The emergence of fraud in psychiatric and psychological research poses a real threat because of both the inherently subjective nature of matters pertaining to the human mind and the psyche-soma split. This split represents a dualism that remains so prevalent in the theory and practice of psychiatry and psychology that it ultimately precludes proper and necessary integration of knowledge because, in reality, it is a false dichotomy. As prominent psychiatrist Dr. George Engle, University of Rochester School of Medicine Professor Emeritus, a pioneer in the field of psychosomatic medicine, and developer of the biopsychosocial model of disease23 wrote in The Pharos in an article entitled "Where you think you stand determines what you think you see":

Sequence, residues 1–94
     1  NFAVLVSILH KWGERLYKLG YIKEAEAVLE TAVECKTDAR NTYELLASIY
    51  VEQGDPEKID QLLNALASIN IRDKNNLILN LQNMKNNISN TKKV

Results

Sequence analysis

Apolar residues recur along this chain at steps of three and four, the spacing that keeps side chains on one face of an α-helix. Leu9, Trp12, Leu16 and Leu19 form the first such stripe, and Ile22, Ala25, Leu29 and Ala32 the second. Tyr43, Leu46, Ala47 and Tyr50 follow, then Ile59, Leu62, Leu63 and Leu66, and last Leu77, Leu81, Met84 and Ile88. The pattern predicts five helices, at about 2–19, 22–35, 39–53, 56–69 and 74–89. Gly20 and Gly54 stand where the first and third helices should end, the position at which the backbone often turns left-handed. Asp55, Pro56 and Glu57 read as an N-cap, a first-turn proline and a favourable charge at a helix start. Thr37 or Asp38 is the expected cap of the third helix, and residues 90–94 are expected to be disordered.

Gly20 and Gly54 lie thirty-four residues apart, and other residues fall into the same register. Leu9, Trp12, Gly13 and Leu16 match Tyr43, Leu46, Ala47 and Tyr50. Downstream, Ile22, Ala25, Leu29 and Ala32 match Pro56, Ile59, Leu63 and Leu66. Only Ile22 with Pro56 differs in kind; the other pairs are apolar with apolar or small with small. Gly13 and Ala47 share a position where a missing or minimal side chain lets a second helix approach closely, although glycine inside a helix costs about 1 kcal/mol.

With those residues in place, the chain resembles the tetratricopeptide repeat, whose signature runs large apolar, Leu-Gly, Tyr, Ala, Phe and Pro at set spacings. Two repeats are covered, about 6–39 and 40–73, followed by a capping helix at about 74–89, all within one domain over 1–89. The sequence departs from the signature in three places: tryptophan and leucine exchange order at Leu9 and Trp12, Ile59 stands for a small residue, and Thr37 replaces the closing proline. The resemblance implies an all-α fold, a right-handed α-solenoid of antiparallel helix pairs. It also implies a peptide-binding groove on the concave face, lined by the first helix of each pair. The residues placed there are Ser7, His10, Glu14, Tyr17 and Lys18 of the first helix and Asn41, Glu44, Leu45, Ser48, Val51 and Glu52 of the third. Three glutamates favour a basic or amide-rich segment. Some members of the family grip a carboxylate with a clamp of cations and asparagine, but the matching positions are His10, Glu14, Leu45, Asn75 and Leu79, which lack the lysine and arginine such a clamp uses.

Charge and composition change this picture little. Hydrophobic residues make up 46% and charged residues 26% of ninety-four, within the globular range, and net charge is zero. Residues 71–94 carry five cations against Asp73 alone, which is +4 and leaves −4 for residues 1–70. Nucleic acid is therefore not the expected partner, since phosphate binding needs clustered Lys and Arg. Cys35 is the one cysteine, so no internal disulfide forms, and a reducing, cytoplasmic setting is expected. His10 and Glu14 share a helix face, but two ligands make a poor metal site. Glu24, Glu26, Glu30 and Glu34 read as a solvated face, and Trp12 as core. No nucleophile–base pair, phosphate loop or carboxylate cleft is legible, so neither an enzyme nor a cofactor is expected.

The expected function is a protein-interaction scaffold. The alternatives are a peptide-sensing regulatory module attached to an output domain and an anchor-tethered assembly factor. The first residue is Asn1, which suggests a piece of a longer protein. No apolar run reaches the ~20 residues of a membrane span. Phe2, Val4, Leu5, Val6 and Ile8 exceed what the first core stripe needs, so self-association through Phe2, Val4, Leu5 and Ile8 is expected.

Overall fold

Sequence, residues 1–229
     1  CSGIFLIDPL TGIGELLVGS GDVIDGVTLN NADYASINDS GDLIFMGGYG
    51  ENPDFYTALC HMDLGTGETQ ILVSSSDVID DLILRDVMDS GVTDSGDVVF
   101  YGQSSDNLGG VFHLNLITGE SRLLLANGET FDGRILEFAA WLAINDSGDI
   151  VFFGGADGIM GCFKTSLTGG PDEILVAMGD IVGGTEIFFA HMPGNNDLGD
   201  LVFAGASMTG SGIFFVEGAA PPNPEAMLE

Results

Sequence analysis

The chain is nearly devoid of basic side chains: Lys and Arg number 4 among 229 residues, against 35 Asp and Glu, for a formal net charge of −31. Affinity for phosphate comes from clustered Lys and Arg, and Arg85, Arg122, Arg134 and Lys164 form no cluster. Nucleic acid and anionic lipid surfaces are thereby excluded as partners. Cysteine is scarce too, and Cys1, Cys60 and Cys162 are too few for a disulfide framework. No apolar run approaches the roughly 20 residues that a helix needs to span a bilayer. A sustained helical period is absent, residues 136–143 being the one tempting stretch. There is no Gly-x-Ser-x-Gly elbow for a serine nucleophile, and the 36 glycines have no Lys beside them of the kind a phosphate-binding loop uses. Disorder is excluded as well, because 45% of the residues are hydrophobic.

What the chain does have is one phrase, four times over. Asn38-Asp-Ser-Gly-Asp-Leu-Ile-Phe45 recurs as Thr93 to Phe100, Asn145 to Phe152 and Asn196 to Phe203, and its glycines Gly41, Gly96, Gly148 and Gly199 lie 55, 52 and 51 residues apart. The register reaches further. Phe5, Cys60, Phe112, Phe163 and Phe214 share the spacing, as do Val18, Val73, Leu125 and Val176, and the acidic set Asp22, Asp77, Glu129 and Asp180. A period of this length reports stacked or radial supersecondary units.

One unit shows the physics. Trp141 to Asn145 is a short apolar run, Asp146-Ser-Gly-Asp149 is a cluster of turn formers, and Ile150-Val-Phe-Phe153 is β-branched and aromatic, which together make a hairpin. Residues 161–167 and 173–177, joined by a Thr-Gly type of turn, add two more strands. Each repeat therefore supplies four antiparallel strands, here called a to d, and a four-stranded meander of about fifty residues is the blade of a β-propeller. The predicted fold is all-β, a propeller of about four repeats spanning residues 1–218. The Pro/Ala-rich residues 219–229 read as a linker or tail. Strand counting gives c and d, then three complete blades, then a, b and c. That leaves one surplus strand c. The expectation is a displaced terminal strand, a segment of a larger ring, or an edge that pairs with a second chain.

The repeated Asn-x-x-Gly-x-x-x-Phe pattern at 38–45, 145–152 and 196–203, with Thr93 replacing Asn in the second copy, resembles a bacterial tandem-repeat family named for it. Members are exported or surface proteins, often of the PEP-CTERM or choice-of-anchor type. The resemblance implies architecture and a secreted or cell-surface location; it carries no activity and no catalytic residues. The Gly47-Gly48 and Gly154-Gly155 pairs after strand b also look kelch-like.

All my scientific education had led me to believe that there existed out there an objective reality, the characteristics of which could be established with a degree of certainty limited only by man's ingenuity in developing sensitive enough instrumentation. The detached scientist, operating as if from behind a thick glass window, makes measurements on discrete objects from which future behavior ultimately can be established through strict linear causal determinism. That at least has been the legacy of the seventeenth-century mechanism, reductionism and mind-body dualism of Newton and Descartes that...provide(s) the bedrock for today's biomedical model, our scientific "view" of medicine....But...modern medicine, and the reductionistic biology on which it is so heavily based, appear to remain remarkably oblivious of the fact that quantum physics and the uncertainty principle have long since put an end to that classical notion of an objective reality. Once the quantum physicist realized that his every act of measurement altered the behavior of what he sought to measure, he had...to realize that...(his mental processing also) introduced uncertainty into his measurements....Physicians and others who work with living organisms have always known this, but under the influence of scientific orthodoxy they have tried to behave as if it were not so, as if it were something outside of science.... Mental operations processes are...modes whereby we try to organize what we know about the world,...whereby we ascribe separateness and boundaries to what are in fact...actually dynamic continua or transactions, wholes.24